HomeChurch OnlineLive Streaming5 Myths About Small Church Live Streaming

5 Myths About Small Church Live Streaming

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Church live streaming is all the rage right now and your church’s online presence is more important than ever. One study even suggests that 33% of parishioners first learned about their church online. This means that regardless of size, your church needs to have a presence on the web and social media to reach potential new members. What better way to expand that presence than live streaming your church services and events? Small churches looking to grow their congregations can benefit from live streaming.

In the church tech world, live streaming is still relatively new and many churches are on the fence about it. In this article, we’ll walk you through five myths about church live streaming so you can decide if it’s right for your church.

Myth #1: It’s Too Expensive

Smaller churches have smaller budgets and are often concerned with being good stewards with the congregation’s giving (and rightfully so). Many people think it costs hundreds of dollars a month to live stream in addition to the cost of equipment. While you can spend that much money, in reality, some basic solutions are free while most services specifically geared towards the church are less than $150 per month. A video camera ranges from $800-$3,000, but you could also start out using an iPhone and upgrade to better equipment as your budget allows. If you don’t know what equipment to buy, this live streaming guide shows the best church streaming equipment for all budgets.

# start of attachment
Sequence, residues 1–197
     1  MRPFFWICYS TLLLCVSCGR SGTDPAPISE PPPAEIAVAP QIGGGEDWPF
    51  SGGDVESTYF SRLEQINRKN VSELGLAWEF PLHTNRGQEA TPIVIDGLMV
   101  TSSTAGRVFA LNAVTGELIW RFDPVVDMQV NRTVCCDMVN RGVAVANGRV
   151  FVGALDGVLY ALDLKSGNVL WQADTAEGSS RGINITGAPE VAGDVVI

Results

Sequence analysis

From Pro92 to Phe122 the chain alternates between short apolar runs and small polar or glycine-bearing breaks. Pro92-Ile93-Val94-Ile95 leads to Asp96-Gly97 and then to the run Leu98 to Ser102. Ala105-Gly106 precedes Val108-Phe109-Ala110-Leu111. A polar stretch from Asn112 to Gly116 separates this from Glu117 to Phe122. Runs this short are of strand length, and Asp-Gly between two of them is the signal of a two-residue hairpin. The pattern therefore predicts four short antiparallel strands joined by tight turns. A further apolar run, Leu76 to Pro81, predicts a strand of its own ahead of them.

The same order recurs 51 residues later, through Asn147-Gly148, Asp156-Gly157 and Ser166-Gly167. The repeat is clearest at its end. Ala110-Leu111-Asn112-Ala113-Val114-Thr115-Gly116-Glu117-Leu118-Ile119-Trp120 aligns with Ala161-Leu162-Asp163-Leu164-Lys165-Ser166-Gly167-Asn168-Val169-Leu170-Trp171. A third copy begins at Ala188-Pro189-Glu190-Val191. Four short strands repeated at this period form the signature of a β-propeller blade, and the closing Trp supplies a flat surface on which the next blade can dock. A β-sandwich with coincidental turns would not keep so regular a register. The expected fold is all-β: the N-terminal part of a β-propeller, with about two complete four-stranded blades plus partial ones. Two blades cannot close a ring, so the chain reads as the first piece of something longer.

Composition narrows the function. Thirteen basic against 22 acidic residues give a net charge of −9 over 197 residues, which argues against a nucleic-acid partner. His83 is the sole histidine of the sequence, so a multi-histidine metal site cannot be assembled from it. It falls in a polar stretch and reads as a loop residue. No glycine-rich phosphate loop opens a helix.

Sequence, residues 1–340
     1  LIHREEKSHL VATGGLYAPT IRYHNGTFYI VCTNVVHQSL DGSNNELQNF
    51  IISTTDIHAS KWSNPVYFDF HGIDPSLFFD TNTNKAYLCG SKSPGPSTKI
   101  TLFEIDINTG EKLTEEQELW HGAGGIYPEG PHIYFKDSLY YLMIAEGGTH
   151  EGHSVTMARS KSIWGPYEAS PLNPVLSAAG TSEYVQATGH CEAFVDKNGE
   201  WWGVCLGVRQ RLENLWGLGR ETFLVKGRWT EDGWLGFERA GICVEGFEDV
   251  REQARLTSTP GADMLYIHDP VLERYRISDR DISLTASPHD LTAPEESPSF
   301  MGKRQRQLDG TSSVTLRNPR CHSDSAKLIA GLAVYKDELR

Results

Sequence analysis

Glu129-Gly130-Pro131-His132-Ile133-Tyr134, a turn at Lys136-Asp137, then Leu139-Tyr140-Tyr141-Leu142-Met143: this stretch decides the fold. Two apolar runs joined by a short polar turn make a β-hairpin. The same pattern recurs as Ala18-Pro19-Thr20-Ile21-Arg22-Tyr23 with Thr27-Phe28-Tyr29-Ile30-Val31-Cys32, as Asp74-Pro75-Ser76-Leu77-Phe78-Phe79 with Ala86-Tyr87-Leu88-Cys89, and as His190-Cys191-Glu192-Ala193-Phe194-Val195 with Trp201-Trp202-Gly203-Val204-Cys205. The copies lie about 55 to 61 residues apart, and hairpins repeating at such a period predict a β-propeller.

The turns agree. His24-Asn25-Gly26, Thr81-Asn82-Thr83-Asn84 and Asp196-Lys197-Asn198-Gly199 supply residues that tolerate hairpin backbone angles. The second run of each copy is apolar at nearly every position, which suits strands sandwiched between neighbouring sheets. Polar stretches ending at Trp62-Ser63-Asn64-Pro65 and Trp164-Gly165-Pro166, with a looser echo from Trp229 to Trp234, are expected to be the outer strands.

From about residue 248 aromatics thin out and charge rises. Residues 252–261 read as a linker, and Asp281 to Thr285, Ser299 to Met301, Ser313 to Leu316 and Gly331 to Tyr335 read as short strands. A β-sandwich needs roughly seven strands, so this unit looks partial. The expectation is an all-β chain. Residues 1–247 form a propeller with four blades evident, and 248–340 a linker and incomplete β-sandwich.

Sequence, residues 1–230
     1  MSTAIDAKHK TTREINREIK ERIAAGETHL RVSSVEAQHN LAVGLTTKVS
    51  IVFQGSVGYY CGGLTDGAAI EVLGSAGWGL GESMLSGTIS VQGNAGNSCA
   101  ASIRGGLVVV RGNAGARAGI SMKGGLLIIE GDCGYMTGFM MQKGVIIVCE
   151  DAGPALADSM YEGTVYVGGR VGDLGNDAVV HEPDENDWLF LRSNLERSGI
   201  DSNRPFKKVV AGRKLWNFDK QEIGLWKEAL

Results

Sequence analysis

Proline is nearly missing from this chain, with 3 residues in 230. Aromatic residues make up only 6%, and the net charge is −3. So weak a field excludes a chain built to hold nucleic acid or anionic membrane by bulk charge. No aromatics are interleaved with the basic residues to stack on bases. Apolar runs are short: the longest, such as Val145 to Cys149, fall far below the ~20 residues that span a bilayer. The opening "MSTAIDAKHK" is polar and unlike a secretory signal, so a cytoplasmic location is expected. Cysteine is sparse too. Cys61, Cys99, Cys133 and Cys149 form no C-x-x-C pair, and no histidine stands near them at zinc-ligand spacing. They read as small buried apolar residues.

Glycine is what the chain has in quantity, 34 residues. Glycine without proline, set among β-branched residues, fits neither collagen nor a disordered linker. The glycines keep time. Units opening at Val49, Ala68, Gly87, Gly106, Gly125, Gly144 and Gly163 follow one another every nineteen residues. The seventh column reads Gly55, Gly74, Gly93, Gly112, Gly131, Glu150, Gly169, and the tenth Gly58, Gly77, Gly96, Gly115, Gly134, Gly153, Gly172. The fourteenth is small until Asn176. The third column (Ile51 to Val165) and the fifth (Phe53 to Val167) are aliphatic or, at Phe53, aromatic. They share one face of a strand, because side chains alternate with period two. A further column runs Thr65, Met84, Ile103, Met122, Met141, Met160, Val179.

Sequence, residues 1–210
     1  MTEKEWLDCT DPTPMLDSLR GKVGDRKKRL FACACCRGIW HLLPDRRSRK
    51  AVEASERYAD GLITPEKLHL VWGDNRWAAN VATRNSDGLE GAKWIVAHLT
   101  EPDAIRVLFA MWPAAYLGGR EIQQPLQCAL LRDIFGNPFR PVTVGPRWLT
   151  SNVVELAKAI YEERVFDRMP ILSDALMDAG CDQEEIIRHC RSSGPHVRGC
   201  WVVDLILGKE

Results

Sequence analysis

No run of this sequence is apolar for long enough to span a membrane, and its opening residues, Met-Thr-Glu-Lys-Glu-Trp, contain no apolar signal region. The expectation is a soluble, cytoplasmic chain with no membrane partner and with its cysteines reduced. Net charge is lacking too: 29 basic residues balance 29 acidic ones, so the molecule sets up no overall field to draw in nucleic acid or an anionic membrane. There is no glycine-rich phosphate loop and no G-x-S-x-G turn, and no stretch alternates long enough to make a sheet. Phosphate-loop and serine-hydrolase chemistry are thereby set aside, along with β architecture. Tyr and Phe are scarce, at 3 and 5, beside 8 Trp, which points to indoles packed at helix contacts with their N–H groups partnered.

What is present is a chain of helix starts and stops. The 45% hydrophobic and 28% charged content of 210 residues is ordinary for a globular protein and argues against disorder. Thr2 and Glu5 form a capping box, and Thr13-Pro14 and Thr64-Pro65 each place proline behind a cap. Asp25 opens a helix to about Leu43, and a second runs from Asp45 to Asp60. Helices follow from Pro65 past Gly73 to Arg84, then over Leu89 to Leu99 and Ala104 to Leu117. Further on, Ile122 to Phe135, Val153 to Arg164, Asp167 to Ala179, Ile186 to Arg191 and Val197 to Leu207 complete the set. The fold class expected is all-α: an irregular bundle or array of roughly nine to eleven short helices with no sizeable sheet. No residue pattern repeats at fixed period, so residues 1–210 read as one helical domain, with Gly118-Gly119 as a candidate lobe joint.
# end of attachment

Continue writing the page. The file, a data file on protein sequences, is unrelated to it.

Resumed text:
Myth #2: Our Church is Too Small

Churches with fewer than 100 members often think they don’t need to live stream their services because they’re so small. However, streaming isn’t about size, it’s about reaching more people. Jesus commanded the disciples, “Follow Me and I will make you fishers of men.” (Matthew 4:19 NKJV) Any good fisherman will tell you that to be successful, you need to cast where the fish are. Live streaming is all about casting your message to where the people are. People who watch a service online are more apt to attend in person, which means you could add new members.

Myth #3: I Don’t Have Enough Technical Support

You don’t have to be a church tech guru to run a church live stream. In fact, an average volunteer can do it! All you need is the right streaming service and a camera. Plus, if you go with a service like ChurchStreaming.tv, it comes with free setup training and technical support.  This service includes technical support on weekends, 11 a.m. – 7 p.m. on Saturday and 8 a.m. – 8 p.m. on Sunday. It’s important to note that even though live streaming your church service is easy, you’ll want to do a test run before making it publically live on a Sunday.

Myth #4: No One Will Watch it

You’ve heard of the summer slump. All churches face it. Vacations dwindle weekly attendance. What a better way to keep your members connected than to let them watch a live stream! Also, many live streaming programs have an option to record the stream and archive it so your attendees can watch it later. This is perfect for church members who like to re-watch sermons or those who couldn’t attend the live service. Have some older members who have trouble getting around? What about that member who is ill or bed-ridden? Many assisted-living facilities have turned to live streaming church services in their dining halls or activity centers for the residents who can’t travel. Remember, even if you only have a few people watching it, you’re spreading the vision and message of your unique church.